Steer clear: The medications older adults should avoid to stay safe behind the wheel

New study suggests that some commonly used medications could impair driving ability in seniors. Source: Getty Images.

A new US study has revealed which medications may potentially affect driving ability in older adults and which may have a positive impact on driving performance.

Results of the observational study were published recently on Jama Open Network and interestingly show that some of the most commonly used medications may affect driving performance in seniors.

200 active drivers aged 65 years and over were monitored over a 10 year period. The average age was 72 and participants had to demonstrate sound cognitive health, that they were living in community and driving independently.

35 per cent of participants either failed a practical driving assessment or received a marginal results which reflected sub-par driving ability.

The researchers then analysed which medications were associated with poor driving performance and found that frequently used medications such as paracetamol, non-steroidal anti inflammatory drugs (NSAIDS), anti-depressants, sedatives and hypnotics were associated with poor driving performance.

On the contrary, researchers found that lipid-lowering medications (prescribed to those with high cholesterol or at risk of cardio-vascular disease) were less likely to impair driving performance and antihistamines and anticholinergic medications had no impact on driving performance.

The study authors argue that the reason for these findings is the mechanism of action of psychoactive drugs (drugs that can alter an individual’s perception, mood, consciousness, or behavior) but the role of analgesia (pain reducing drugs) is less clear.

They also hypothesised that lipid-lowering therapy may have benefited drivers by optimising brain health.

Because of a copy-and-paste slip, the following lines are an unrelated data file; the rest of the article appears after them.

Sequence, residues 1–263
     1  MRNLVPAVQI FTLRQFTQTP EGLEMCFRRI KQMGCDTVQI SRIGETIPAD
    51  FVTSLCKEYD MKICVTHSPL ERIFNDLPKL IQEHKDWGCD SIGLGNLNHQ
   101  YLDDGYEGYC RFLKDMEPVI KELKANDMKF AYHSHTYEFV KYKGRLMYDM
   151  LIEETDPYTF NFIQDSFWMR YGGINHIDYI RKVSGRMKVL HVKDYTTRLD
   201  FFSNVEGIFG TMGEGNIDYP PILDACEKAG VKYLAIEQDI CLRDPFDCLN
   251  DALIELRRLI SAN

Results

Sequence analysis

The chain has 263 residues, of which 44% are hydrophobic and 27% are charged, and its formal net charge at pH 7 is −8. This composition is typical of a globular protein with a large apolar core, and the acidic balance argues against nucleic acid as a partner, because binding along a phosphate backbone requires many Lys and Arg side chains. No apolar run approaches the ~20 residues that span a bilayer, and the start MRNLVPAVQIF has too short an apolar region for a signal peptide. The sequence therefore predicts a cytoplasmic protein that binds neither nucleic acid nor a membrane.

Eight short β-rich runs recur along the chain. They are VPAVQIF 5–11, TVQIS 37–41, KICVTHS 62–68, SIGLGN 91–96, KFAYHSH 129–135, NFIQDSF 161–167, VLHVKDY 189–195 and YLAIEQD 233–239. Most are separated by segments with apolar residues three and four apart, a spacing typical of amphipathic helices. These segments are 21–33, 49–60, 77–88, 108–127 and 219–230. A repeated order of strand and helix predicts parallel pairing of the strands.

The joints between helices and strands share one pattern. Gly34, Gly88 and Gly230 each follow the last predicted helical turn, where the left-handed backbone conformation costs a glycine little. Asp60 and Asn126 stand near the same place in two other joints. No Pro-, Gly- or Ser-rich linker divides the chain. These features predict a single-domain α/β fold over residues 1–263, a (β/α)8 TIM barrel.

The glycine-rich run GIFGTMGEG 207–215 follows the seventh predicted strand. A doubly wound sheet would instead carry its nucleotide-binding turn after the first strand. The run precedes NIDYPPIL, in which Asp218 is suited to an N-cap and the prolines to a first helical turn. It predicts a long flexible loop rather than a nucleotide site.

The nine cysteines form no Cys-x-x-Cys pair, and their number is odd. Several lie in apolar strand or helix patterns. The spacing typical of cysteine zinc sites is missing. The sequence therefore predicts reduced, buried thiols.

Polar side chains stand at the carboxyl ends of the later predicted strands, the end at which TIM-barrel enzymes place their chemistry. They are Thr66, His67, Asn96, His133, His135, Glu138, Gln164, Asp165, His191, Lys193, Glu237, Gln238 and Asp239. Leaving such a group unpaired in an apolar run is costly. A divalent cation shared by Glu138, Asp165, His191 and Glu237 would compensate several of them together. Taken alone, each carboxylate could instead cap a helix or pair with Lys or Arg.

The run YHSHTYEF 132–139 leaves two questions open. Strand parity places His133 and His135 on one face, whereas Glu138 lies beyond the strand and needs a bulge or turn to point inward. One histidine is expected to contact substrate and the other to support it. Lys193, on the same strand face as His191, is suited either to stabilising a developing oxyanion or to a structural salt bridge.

The authors wrote, “The negative association between psychoactive drug use and driving performance may be explained by the effect of these drugs on neurotransmitters, such as noradrenaline, serotonin, histamine, acetylcholine, and GABA.”

“Numerous studies have suggested the protective effects of statin on cognitive functioning, which could have a positive impact on driving,” they added.

The researchers were quick to point out that, as an observational study, the findings cannot determine a causal relationship between medication use and driving performance; however, they suggest that doctors should be aware of the results.

“While we cannot determine whether these medications directly caused the risk of decline in driving performance individually or collectively, our results raise concern about the potential negative impact of potentially driver-impairing medications on driving performance,” they wrote.

“Clinicians and pharmacists should be aware that patients who are prescribed these drugs could be at an increased risk of driving impairment. A clear discussion and review of medications in relation to the driving task should be included in the care of older adults.”

Australia has 4.2million active drivers who are aged 65 and over.

Speaking to newsGP, An Rendell, manager of the Assessing Fitness to Drive implementation project at Austroads, referred GPs to the current standards for fitness to drive when considering medication use.

These standards show that most drugs affecting the central nervous system tend not to pose an increased crash risk when drugs are medically prescribed and the patient is using them regularly.

The standards state that benzodiazephines, psychoactive drugs primarily used to treat conditions such as anxiety, insomnia, and certain neurological and psychological disorders, are known to increase the risk of motor vehicle accidents and are found in 4 per cent of fatalities and 16 per cent of hospitalised injured drivers.

Health professionals should consider the following when assessing a patients fitness to drive and advising on their medication:

  • the balance between potential impairment due to the drug and the patient’s improvement in health on safe driving ability
  • the individual response of the patient – some people are more affected than others
  • the type of licence held and the nature of the driving task
  • the added risks of combining two or more drugs capable of causing impairment, including alcohol
  • the added risks of sleep deprivation on fatigue while driving, which is particularly relevant to commercial vehicle drivers
  • the potential impact of changing medications or changing dosage
  • the cumulative effects of medications
  • the presence of other medical conditions that may combine to adversely affect driving ability
  • other factors that may exacerbate risks such as known history of alcohol or drug misuse.



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